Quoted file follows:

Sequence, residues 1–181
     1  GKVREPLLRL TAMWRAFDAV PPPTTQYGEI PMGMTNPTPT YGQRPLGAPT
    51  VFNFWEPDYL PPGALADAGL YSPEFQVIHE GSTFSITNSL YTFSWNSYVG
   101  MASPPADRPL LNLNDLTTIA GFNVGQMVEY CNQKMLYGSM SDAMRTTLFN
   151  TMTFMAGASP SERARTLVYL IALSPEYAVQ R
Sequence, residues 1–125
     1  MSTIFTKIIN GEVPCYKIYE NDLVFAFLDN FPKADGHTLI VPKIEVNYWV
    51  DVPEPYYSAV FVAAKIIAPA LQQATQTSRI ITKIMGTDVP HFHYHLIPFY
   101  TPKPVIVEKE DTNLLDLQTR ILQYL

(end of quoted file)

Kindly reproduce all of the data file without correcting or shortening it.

Sequence, residues 1–181
     1  GKVREPLLRL TAMWRAFDAV PPPTTQYGEI PMGMTNPTPT YGQRPLGAPT
    51  VFNFWEPDYL PPGALADAGL YSPEFQVIHE GSTFSITNSL YTFSWNSYVG
   101  MASPPADRPL LNLNDLTTIA GFNVGQMVEY CNQKMLYGSM SDAMRTTLFN
   151  TMTFMAGASP SERARTLVYL IALSPEYAVQ R
Sequence, residues 1–125
     1  MSTIFTKIIN GEVPCYKIYE NDLVFAFLDN FPKADGHTLI VPKIEVNYWV
    51  DVPEPYYSAV FVAAKIIAPA LQQATQTSRI ITKIMGTDVP HFHYHLIPFY
   101  TPKPVIVEKE DTNLLDLQTR ILQYL